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S. Korean President Vows to Raise Sunken Ferry

  • VOA News

A woman looks at caricatures of the victims of the sunken ferry Sewol outside a group memorial altar in Ansan, South Korea, Thursday, April 16, 2015.

A woman looks at caricatures of the victims of the sunken ferry Sewol outside a group memorial altar in Ansan, South Korea, Thursday, April 16, 2015.

South Korean President Park Geun-hye has vowed to raise the Sewol ferry, agreeing to a key demand of the families of the 304 people who died when the vessel sank last year.

The president's comments came in a speech Thursday to mark the one-year anniversary of the sinking of the overloaded Sewol, which capsized during a routine turn off the southwest coast of South Korea.

The boat, which was carrying mostly high school students, remains submerged upside down in the same location where it sank - a reminder of one of the country's worst maritime disasters.

"I think now is the time for us to be prepared for the ship salvage," the president said. "We'll make all necessary procedures promptly so that the ship can be raised as soon as possible."

President Park also vowed to locate the bodies of the nine passengers who remain missing.

Earlier Thursday during a visit to a memorial site, many victims' family members had refused to meet with the president until she agreed to raise the ship.

The government has faced steady pressure to extract the 6,825-ton ferry from the sea floor to help bring closure to the victims and determine the exact cause of the accident.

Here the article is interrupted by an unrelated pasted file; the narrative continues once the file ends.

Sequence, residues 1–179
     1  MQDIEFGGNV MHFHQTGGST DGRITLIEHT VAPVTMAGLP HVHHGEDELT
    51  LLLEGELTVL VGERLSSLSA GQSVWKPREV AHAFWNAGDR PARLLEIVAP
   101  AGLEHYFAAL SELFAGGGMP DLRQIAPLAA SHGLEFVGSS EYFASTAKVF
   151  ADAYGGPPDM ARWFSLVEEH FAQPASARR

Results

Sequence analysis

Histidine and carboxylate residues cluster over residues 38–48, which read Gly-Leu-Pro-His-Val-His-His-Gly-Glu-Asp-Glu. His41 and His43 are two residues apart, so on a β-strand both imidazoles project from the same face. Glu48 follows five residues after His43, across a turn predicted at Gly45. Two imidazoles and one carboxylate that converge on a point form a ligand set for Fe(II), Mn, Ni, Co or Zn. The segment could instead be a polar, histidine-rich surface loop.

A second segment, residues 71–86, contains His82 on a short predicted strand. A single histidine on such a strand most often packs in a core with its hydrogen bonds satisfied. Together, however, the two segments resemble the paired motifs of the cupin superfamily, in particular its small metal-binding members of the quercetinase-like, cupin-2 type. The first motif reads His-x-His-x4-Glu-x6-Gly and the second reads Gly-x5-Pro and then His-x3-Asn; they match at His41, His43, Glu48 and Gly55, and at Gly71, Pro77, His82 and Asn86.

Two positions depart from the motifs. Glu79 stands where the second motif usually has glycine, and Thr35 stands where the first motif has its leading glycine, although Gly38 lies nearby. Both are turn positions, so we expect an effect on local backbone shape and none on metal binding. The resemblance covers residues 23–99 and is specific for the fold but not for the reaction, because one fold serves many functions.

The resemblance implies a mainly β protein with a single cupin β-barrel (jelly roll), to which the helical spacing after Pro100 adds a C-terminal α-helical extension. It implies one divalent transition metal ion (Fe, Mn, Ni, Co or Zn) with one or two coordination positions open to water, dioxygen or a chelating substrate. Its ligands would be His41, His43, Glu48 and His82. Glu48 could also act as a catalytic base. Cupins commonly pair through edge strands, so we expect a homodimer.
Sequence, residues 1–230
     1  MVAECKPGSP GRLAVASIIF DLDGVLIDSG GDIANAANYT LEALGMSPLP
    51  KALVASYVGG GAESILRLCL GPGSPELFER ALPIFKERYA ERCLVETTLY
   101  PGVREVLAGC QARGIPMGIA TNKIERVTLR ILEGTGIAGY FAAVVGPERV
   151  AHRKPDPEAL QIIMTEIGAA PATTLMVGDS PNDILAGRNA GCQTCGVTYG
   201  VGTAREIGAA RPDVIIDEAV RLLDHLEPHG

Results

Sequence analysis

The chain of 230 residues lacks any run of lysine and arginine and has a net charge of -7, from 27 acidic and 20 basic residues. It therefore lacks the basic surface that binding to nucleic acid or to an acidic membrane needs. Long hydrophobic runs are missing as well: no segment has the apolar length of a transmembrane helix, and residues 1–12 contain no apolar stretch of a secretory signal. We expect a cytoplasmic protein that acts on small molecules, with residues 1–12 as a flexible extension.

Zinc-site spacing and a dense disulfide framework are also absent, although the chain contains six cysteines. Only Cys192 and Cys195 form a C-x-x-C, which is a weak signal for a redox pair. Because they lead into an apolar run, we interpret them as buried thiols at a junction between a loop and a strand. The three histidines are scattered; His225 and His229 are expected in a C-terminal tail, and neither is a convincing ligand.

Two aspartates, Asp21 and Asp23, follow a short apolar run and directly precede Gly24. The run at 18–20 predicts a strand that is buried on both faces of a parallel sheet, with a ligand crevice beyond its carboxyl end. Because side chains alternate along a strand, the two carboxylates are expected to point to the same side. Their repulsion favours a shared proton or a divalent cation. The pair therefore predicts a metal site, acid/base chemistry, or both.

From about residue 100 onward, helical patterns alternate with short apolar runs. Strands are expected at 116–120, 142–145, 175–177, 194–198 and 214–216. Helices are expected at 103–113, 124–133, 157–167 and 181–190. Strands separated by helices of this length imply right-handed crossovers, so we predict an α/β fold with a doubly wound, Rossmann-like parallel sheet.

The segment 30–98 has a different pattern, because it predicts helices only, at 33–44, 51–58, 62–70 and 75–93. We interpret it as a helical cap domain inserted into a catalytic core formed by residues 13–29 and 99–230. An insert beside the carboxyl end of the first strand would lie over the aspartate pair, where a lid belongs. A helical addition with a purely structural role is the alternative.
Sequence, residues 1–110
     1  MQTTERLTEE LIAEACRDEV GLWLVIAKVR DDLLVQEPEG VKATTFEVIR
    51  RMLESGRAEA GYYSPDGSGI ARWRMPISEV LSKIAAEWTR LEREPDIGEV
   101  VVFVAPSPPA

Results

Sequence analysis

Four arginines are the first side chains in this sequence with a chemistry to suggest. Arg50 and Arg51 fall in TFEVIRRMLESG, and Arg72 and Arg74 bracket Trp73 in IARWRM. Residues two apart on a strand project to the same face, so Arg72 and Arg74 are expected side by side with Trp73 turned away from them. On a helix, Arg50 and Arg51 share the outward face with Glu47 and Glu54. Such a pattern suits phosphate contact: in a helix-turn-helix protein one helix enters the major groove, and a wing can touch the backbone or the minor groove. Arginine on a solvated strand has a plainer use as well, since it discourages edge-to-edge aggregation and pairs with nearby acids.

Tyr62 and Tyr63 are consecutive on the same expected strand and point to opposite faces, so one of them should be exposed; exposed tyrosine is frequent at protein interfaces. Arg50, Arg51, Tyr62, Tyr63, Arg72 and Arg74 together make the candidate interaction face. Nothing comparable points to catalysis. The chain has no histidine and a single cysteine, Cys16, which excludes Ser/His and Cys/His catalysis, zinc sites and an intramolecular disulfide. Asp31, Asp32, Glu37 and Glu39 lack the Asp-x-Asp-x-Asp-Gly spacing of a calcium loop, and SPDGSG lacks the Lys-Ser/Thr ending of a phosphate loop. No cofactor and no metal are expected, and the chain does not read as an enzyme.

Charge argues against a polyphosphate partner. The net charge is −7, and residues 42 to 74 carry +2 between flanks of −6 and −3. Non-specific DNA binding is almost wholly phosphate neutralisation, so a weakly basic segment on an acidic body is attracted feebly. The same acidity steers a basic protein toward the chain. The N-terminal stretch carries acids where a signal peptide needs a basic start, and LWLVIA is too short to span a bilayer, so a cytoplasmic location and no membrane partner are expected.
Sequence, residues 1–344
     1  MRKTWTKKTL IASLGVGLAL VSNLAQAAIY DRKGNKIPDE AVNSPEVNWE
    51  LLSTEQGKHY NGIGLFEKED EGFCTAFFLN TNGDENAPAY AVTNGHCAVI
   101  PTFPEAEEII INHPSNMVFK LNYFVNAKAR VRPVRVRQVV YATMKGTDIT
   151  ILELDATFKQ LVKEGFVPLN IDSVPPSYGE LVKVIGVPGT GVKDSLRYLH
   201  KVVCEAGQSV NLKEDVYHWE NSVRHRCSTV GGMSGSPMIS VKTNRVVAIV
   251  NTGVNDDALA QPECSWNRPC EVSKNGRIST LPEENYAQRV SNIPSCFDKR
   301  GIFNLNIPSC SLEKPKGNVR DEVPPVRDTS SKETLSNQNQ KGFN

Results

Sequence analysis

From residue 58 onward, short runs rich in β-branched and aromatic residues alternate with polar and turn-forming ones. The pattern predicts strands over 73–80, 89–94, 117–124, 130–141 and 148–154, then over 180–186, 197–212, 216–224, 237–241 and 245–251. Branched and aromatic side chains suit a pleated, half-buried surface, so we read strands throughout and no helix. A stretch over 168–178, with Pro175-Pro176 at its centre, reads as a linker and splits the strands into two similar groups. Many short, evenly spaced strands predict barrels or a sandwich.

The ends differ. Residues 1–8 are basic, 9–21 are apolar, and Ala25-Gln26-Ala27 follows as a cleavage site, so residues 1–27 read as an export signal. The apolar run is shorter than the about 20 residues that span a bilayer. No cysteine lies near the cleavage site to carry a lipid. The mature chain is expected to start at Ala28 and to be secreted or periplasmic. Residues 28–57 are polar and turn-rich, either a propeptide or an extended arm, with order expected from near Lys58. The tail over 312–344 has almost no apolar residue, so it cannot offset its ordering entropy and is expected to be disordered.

South Korean lawmakers on Thursday passed a resolution, by a vote of 161 to 2, calling for the government to raise the Sewol. The recovery would help in "healing the minds of the victims, survivors and bereaved families," the resolution said.

Thousands of South Koreans were expected to attend vigils Thursday across the country to remember those who died. Flags were lowered to half-staff. A minute of silence was also observed.

"It is a shame and it breaks my heart that no one wants to take responsibility, even though one year has passed since the Sewol ferry disaster," said Kim Hee-Eun, who was visiting a makeshift memorial in Seoul.

The government has acknowledged that corruption and lax safety standards contributed to the tragedy. But it had been reluctant to raise the ship, saying such an operation would take months and cost hundreds of millions of dollars.

South Korean courts have already given jail sentences to the head of the company that operated the ferry. The Chonghaejin Marine CEO was found guilty of negligence for allowing the Sewol to be overloaded and improperly stored with cargo.

The Sewol's captain and 15 other crew were also received from five to 36 years in prison for abandoning the vessel.

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